What ever happened to the “TERMINATOR 3000” animated 3D film?

Back in August of 2010, Hannover House (an entertainment distribution division of Target Development Group, Inc.) announced a development deal with Vancouver-based Red Bear Entertainment to make TERMINATOR 3000, a $70-million dollar budgeted, 3D animated feature film based on the characters from the original 1984 classic “The Terminator”.  Apparently the T-800, Sarah and Kyle would all be back… animated style!

Story details for “Terminator 3000” remained in secrecy, but Hanover House did announce the graphic violence in the new Terminator animated film would be minimized, to assure a PG-13 rating.  Terminator fans were cautiously excited about the news, but the animated film was ultimately never made.  So what happened?

It starts with knowing that the chief executive officer of Hannover House in 2010 (the company that would make “Terminator 3000”) also served as the chief executive officer of Hemdale back in 1984 (the company that handled the distribution of the original 1984 classic “The Terminator”). His name was Eric Parkinson. 

Eric Parkinson

Parkinson, who wasn’t recognized as the rights owner to the Terminator franchise, said while he didn’t have the rights to make a Terminator live action film, he did have certain proprietary rights possibly allowing him to make an animated Terminator film.  And that film would be “Terminator 3000”.  He told Deadline on August 13th, 2010 that:

“The animation rights were excluded when Hemdale sold Terminator to Carolco and when I left Hemdale, part of my settlement was that I got those rights.” “However, the way the rest of the contractual rights are written, it would be dangerous for us to do this without Pacificor’s (the current Terminator rights holder’s) approval. They have certain intellectual rights. The best way to put it is,  they can’t make an animated film without me, and we might not be able to make it without them.”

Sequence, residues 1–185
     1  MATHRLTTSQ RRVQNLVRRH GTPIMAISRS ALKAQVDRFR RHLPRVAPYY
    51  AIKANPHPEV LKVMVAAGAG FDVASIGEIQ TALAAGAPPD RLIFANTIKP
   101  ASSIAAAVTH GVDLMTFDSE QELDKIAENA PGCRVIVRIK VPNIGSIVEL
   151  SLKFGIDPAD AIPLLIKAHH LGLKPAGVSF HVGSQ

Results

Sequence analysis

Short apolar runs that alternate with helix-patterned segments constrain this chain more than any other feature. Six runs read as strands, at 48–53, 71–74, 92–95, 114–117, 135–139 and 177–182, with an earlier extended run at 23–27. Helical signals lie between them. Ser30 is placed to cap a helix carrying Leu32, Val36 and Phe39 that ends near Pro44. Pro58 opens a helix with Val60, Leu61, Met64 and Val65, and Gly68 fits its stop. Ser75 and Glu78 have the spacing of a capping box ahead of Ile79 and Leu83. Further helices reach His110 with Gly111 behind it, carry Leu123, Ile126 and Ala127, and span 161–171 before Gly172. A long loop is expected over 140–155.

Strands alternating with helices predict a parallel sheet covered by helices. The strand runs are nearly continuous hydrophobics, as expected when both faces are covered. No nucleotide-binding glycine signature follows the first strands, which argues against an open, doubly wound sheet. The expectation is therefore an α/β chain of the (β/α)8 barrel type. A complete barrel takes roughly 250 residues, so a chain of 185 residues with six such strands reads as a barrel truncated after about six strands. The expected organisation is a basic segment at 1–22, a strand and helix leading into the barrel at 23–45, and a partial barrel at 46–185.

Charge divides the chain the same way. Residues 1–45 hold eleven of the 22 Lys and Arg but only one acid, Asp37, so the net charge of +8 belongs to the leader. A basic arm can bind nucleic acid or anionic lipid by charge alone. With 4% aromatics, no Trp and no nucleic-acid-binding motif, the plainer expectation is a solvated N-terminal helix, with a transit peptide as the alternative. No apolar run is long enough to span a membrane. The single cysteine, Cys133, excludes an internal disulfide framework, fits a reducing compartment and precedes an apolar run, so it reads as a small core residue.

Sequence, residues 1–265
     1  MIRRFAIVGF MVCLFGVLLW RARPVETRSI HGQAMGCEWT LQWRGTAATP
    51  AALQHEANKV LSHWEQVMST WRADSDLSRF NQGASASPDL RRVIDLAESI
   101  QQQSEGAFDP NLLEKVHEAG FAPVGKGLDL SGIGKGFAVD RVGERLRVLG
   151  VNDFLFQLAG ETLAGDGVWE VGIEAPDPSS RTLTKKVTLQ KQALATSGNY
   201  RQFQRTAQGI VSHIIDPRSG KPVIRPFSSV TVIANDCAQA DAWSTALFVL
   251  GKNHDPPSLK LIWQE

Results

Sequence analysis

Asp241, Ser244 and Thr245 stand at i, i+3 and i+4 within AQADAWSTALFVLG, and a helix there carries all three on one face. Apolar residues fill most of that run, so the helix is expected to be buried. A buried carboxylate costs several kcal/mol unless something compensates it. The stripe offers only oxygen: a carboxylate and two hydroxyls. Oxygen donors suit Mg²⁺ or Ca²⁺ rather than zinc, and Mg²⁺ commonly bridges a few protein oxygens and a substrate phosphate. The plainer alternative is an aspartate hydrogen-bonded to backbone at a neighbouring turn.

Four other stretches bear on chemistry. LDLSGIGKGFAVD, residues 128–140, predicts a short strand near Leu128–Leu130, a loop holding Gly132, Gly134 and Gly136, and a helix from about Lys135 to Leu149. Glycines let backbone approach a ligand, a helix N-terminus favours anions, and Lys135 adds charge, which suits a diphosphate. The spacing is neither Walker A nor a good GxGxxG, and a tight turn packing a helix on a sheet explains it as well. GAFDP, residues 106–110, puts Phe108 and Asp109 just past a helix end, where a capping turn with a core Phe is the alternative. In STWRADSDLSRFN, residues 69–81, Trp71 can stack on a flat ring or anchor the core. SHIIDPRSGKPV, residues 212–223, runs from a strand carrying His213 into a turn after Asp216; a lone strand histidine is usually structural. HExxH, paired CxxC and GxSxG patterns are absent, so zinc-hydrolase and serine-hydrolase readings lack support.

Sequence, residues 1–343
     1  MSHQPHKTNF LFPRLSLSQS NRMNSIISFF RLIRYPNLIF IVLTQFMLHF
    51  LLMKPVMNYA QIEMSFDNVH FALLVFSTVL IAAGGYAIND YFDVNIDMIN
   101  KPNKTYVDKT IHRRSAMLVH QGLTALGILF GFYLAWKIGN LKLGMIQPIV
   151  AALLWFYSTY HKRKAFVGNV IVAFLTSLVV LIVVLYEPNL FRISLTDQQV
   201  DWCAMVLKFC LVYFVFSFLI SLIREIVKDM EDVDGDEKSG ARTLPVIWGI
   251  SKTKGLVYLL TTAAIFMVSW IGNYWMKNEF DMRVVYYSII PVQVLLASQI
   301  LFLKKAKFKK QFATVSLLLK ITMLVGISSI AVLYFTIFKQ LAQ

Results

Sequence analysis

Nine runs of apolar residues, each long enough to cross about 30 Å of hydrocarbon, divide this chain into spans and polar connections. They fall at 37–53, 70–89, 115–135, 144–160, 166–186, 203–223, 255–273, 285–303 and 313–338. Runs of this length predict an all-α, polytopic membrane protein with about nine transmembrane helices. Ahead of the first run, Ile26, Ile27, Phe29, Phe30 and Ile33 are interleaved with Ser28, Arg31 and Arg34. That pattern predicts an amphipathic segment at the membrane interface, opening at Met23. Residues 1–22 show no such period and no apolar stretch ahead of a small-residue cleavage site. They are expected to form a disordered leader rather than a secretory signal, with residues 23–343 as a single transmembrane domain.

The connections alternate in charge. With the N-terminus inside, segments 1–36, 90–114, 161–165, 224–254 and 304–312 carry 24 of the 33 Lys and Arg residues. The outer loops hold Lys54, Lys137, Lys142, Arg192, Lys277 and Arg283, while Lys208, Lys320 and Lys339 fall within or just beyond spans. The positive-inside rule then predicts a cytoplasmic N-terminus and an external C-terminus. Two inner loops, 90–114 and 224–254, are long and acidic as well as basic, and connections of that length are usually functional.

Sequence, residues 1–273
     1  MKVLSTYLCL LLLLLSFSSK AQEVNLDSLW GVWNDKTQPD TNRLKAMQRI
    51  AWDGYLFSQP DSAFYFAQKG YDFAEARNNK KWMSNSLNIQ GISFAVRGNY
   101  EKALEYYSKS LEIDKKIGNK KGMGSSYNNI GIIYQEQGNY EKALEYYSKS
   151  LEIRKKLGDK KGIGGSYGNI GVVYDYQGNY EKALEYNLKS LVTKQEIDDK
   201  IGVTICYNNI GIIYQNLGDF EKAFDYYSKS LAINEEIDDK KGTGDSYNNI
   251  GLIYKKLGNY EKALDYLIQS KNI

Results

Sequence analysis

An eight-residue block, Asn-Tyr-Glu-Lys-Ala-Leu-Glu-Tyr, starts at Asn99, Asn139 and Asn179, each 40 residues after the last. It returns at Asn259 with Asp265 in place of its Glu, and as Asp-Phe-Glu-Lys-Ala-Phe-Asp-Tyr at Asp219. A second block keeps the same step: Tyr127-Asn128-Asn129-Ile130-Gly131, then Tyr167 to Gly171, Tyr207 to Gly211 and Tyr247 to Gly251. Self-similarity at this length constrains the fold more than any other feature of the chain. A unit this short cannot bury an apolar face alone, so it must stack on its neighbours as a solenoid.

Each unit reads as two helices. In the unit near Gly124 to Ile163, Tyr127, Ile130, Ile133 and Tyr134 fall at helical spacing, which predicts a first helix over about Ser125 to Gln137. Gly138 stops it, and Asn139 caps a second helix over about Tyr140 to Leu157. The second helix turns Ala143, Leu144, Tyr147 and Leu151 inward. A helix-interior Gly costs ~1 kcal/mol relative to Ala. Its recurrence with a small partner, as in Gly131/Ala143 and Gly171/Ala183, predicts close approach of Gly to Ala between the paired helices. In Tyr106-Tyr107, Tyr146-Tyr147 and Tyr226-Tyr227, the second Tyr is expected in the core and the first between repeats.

So the C.E.O of Hannover House Eric Parkinson insisted he owned animation rights to the Terminator franchise, and he reportedly even “might” be able to make a Terminator animated film without the current Terminator rights holder’s approval.

However, that didn’t stop the legal representation of the current Terminator rights holder (at the time) Pacificor, to cry “foul” and send Parkinson a cease and desist letter. Here is the entire letter below:


Attorneys At Law

August 13, 2010

Fred Shefte, President Eric Parkinson, CEO
Target Development Group, Inc. Susannah Patton, Director
1428 Chester Street Hanover House
Springdale, AR 72764 1428 Chester Street
Springdale, AR 72764

Eric Parkinson, President and CEO
Truman Press, Inc.
1722 North College Street
Suite C-303
Fayetteville, AR 72703

Re: Pacificor, LLC (“Pacificor”)

Dear Messrs. Parkinson and Shefte and Ms. Patton:

We are counsel for Pacificor, LLC (“Pacificor”). We believe you are aware that pursuant to an order entered on March 3, 2010 in In re: T Asset Acquistion Company, LLC, et. al, United States Bankruptcy Court, Central District of California, Los Angeles Division, Case No. 2009-31853-ER, Pacificor acquired assets relating to the Terminator Motion Picture Franchise, including, but not limited to, rights to sequels, remakes, all mechanizing and other derivative rights related to sequels and remakes, and other assets, collectively defined as the “Granted Terminator Assets” in said order.

We recently became aware through various online media reports that Hannover House, purportedly a division of Target Development Group, Inc. (“TDGI”), entered into a purported feature film development venture with a Vancouver based entity, Red Bear Entertainment, for “Teminator 3000” an animated feature film based upon the characters introduced in the original Terminator movie.

This knowledge came as a surprise to Pacificor. It did not license or authorize any such development or film. Indeed, it has not been contacted by Hannover House, TDGI, Red Bear Entertainment or anyone else seeking such a license or approval.